What is Zometa?
Zometa (zoledronic acid) is used to treat hypercalcemia (excess calcium in the blood) that may occur with some types of cancer. It is also used to treat multiple myeloma (tumors formed by the cells of the bone marrow), as well as to treat bone metastasis (spread of cancer).
Zometa is an intravenous bisphosphonate drug made by Novartis Pharmaceuticals Corporation, and was approved by the U.S. Food and Drug Administration (FDA) in 2001 for treating hypercalcemia, and in 2002 for treatment of bone metastasis.
Zometa and Osteonecrosis of the Jaw
In September 2004, Novartis Pharmaceuticals and the FDA notified dental healthcare professionals of revisions to prescribing information to describe the occurrence of osteonecrosis of the jaw (ONJ) observed in cancer patients receiving treatment with intravenous bisphosphonates (such as Zometa). ONJ is a medical condition in which the jawbone partially crumbles and dies. ONJ may cause severe pain, loose teeth, exposed bone, loss of function, and disfigurement.
The revised prescribing information recommends that cancer patients receive a dental examination prior to starting bisphosphonate treatment, and that they avoid invasive dental procedures while on these medications.
Because Zometa is administered intravenously, it should only be administered by or under the supervision of your doctor or healthcare professional. Follow your healthcare professional's orders regarding Zometa dosing.
It is important that your healthcare professional check your progress at regular visits after you start taking Zometa, even if your condition improves. Tell your healthcare professional right away if you experience any of the following symptoms while taking Zometa:
- blood in urine
- decreased urine output
- muscle twitching
- rapid weight gain
- swelling of face, ankles, or hands
- unusual tiredness or weakness
These could be signs of serious kidney problems.
Zometa Health Risks and Side Effects
Zometa may cause side effects. Tell your healthcare professional if any of these symptoms are severe and/or persistent:
- redness or swelling in the place where you received your injection
- red, swollen, or teary eyes
- upset stomach
- stomach pain
- loss of appetite
- weight loss
- difficulty swallowing
- mouth sores
- pain anywhere in the body
- excessive worry
- difficulty falling asleep or staying asleep
- white patches in the mouth
- swelling, redness, irritation, burning, or itching of the vagina
- white vaginal discharge
- hair loss
Some side effects can be serious. The following symptoms are uncommon, but if you experience any of them, call your healthcare professional immediately:
- fever, chills, and other signs of infection
- bone, joint, or muscle pain, and other flu-like symptoms
- chest pain
- muscle cramps
- fast, pounding, or irregular heartbeat
- difficulty walking
- leg swelling
- shortness of breath
- sudden tightening of muscles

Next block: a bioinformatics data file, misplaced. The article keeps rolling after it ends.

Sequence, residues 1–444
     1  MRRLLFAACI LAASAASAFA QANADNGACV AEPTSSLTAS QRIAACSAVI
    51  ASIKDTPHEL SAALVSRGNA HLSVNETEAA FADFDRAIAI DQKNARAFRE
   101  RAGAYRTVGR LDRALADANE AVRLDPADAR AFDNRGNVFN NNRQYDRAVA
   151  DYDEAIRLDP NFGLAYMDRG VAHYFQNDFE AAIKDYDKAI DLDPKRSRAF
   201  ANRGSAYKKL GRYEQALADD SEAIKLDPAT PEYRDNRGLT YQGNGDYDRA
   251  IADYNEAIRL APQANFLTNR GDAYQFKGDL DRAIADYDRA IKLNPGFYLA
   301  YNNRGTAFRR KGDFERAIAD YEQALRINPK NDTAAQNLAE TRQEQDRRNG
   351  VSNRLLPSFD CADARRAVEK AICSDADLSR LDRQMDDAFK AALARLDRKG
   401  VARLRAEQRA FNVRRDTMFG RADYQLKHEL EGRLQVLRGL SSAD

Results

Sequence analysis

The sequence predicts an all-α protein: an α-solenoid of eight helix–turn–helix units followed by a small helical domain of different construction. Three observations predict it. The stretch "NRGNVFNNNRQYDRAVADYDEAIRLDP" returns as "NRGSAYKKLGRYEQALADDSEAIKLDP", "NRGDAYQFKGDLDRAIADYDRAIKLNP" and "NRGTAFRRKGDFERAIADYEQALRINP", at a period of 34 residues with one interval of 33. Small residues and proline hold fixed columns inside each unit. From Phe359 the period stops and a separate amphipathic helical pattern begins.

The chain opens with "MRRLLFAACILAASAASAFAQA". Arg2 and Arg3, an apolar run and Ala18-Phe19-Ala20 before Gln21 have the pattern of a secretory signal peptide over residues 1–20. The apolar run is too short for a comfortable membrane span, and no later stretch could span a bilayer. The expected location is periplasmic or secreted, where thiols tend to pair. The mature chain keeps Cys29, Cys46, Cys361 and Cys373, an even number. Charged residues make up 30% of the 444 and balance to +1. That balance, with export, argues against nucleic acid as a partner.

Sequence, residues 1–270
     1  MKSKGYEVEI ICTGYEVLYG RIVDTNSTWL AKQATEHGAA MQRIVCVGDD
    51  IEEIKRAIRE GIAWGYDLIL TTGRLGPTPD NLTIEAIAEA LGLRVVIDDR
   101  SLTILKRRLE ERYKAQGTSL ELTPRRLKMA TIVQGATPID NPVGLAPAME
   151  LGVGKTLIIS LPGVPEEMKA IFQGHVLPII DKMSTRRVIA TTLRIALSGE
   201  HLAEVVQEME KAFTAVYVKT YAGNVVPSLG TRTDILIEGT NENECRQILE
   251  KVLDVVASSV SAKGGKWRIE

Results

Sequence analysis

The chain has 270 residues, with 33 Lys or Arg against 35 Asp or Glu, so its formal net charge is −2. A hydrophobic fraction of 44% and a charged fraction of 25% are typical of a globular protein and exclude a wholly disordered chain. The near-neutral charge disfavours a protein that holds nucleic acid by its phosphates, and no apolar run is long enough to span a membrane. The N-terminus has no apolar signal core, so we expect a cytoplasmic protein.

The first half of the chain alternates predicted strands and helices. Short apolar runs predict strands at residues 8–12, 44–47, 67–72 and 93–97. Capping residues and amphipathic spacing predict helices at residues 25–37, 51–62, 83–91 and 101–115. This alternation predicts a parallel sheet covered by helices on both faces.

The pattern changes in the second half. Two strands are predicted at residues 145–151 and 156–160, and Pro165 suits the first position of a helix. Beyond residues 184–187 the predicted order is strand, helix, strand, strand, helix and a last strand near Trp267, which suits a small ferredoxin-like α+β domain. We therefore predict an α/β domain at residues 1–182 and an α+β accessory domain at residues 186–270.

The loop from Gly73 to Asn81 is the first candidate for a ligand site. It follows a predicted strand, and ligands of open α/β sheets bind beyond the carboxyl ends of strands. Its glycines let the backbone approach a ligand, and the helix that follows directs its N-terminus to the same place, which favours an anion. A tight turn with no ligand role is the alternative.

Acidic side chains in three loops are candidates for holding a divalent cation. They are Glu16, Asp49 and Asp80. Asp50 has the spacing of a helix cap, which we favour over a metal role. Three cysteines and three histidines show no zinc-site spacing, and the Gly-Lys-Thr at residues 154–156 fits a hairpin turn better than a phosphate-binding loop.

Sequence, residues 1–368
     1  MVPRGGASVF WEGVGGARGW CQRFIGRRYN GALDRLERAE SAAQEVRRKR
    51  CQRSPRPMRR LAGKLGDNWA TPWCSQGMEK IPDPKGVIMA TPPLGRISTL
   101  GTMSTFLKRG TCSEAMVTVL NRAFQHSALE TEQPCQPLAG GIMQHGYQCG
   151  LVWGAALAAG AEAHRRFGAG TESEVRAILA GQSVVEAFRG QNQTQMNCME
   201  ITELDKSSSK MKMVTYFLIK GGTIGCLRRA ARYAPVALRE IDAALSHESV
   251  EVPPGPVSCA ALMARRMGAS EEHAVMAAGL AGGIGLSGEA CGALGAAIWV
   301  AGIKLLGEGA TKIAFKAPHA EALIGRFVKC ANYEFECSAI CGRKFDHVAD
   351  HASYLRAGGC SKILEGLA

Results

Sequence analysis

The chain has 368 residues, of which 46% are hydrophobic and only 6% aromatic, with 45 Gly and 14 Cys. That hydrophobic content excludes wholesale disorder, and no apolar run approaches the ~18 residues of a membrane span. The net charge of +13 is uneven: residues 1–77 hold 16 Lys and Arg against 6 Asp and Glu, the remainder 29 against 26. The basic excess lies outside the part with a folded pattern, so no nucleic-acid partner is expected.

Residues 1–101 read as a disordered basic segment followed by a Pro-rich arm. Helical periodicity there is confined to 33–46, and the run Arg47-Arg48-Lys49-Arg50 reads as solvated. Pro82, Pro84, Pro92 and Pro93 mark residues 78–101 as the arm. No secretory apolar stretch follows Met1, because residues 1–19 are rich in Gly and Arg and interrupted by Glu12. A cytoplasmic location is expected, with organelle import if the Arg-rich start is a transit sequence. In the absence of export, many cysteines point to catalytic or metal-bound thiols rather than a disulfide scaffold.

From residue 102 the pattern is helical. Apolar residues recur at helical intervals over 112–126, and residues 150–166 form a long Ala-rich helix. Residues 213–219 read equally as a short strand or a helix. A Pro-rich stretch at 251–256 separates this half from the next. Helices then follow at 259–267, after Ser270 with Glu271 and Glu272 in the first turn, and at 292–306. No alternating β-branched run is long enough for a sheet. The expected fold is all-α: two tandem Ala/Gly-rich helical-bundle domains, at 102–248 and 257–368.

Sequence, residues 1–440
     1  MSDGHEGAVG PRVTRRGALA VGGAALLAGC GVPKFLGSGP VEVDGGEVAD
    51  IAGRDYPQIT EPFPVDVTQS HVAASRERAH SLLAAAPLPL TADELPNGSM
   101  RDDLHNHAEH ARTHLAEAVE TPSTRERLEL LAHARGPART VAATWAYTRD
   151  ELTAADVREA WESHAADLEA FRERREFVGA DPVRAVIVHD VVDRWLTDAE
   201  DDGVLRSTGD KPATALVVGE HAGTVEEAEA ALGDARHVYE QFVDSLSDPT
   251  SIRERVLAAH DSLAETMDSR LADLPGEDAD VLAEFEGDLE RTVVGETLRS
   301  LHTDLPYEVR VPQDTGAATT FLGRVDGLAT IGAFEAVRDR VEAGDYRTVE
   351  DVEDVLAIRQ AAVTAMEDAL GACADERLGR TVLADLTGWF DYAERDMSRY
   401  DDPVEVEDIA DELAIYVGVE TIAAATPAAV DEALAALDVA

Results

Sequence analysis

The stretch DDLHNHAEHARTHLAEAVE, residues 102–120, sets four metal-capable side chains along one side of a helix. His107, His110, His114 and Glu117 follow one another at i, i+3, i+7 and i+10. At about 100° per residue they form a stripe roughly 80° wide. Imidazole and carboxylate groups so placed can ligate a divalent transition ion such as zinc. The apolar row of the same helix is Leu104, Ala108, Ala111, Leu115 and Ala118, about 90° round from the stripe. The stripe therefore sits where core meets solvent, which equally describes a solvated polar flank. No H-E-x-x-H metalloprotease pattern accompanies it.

- numbness, burning, or tingling in fingers or toes
- dry mouth
- decreased urination
- sunken eyes
- pale skin
- unusual bruising or bleeding
- frequent urination, especially at night
- excessive thirst
- hallucinations (seeing things or hearing voices that do not exist)
- muscle weakness
- double vision
- difficulty speaking
- jaw or mouth pain
What Should I Tell My Healthcare Professional?
You should tell your healthcare professional if you:
- have or had any unusual allergic reaction to Zometa or other medications used to treat high blood calcium or osteoporosis; or if you are allergic to any other substances (foods, preservatives, or dyes)
- are or may be pregnant, are planning to become pregnant, or are breast-feeding. Animal studies have shown that Zometa causes birth defects. Studies have not been done in pregnant women, and it is unknown if Zometa passes into breast milk. However, Zometa is not recommended during breast-feeding, because it can cause bone problems in nursing babies.
- have asthma
- have heart disease
- have kidney disease
- have cancer or are undergoing cancer treatment
- are planning to have dental procedures or surgery while receiving Zometa treatment - jaw tightness, swelling, numbing, or pain or loose tooth could all be signs of serious jaw disease
- have poor dental hygiene
- experience dehydration (not having enough water or fluids in your body can increase the risk of severe kidney problems while take Zometa)
- have liver problems
Are There Any Interactions With Drugs or Foods?
Zometa and certain other medicines can interact with each other. Tell your healthcare professional about all the medicines you take - including prescription and non-prescription medicines.
Zometa - Getting Legal Help
While all medications have certain, anticipated side effects, a drug manufacturer has a duty to make its products as reasonably safe as possible, and to inform the medical community and the public of known risks associated with its drugs. If a manufacturer fails to do so, it can be held legally responsible if patients are injured as the result of inadequate warnings or the unreasonably dangerous nature of the drug, under a legal theory called "product liability."
If you or a loved one have experienced any dangerous symptoms or unusual medical conditions while taking Zometa, you should first contact your doctor or other healthcare professional. You may also wish to meet with an experienced attorney to discuss your options and to protect your right to a legal remedy for any injuries caused by Zometa use.